As was the case for most investors, 2019 was a good year for Oregon’s underfunded public pension fund. And that should bring a rare sigh of relief to pension managers, lawmakers and government employers around the state.
The Public Employees Retirement Fund generated investment returns of 12.2% through the end of November and saw another bump in December as public equities, which make up a third of the pension fund portfolio, advanced another 3%. That compares to total returns of 0.48% in the previous year.
The fund’s value at the end of odd-numbered years — along with its calculated liabilities — are critical for policymakers because that’s what is used to set public employers’ contribution rates in the following two-year budget cycle. So the pension contributions employers will be required to make starting in July 2021 are based on the value at the year-end 2019.
According the system’s actuary, Matt Larrabee of Milliman, strong investment returns shaved some $3 billion of the system’s $27 billion unfunded liability, perhaps more when the year-end results are tallied.
The unfunded actuarial liability “might be down in the $24 billion range or a little less depending on how the equity returns shake out,” Larrabee said.
The system’s funded status has also improved a bit. PERS now has 72 or 73 cents in assets for every dollar in liabilities. And that’s good news when it comes to employer contribution rates starting in 2021, helping arrest the steep spikes of the last few biennia.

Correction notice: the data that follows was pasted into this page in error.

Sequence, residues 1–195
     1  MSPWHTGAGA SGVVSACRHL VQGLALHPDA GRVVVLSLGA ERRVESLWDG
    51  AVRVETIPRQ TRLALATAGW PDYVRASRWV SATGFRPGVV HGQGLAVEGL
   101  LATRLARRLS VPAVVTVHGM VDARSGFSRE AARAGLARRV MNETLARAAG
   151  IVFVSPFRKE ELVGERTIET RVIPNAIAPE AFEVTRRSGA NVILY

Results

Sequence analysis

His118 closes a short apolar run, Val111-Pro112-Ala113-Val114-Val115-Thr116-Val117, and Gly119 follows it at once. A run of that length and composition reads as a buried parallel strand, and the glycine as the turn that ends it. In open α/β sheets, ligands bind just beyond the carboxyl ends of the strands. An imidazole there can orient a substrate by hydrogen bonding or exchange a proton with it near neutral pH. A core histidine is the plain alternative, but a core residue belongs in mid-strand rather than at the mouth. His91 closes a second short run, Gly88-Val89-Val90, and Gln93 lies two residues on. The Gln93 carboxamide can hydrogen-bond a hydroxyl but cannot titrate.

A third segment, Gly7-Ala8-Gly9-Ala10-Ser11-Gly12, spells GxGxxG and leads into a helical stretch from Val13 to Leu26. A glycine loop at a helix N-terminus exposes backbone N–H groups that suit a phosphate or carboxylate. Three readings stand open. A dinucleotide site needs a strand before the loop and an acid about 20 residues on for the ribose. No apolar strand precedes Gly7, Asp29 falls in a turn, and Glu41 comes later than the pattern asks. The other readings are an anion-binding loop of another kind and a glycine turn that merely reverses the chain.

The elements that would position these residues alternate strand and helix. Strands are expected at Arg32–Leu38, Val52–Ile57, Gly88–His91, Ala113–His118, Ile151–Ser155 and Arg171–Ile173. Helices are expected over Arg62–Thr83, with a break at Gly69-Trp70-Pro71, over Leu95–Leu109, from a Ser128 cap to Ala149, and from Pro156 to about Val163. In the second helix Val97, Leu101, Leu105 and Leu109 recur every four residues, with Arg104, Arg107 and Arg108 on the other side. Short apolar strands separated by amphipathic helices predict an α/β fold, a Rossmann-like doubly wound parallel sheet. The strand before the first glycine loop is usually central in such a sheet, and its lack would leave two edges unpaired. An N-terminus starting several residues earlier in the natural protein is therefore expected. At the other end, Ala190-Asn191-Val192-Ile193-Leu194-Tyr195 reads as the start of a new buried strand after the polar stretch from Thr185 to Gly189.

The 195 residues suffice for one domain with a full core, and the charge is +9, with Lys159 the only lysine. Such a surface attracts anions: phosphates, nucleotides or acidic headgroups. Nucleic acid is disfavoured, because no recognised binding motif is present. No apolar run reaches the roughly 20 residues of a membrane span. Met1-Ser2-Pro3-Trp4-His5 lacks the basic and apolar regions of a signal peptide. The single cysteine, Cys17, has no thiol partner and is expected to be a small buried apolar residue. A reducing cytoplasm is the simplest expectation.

According to the actuary’s forecast, contribution rates will likely remain relatively flat for the foreseeable future if the system continues to achieve average investment returns close to assumption, which is 7.2% annually. Systemwide, employers are paying an average base pension contribution rate of about 25% of payroll and about 18% of payroll after they receive rate offsets from any side accounts they’ve established with PERS.
Investment returns certainly helped stabilize rates. But the biggest factor was lawmakers’ decision to extend the repayment period for the system’s deficit for eight years, effectively refinancing its rather massive debt, which increases cost and risk over time.
Indeed, it’s not all good news. Almost 11 years into the longest economic expansion on record, PERS had made little or no progress on its funding woes, largely because the PERS board and lawmakers have let employers off the hook with moves like extending the payback period. Investment managers still face a headwind in the form of lower interest rates, which hold down returns on the pension fund’s bond portfolio. And with stock market valuations again at all-time highs, pension watchers expect returns to be lower in the next few years.
“We’ve had a good run,” said Larrabee, but investment returns come back to the average over time.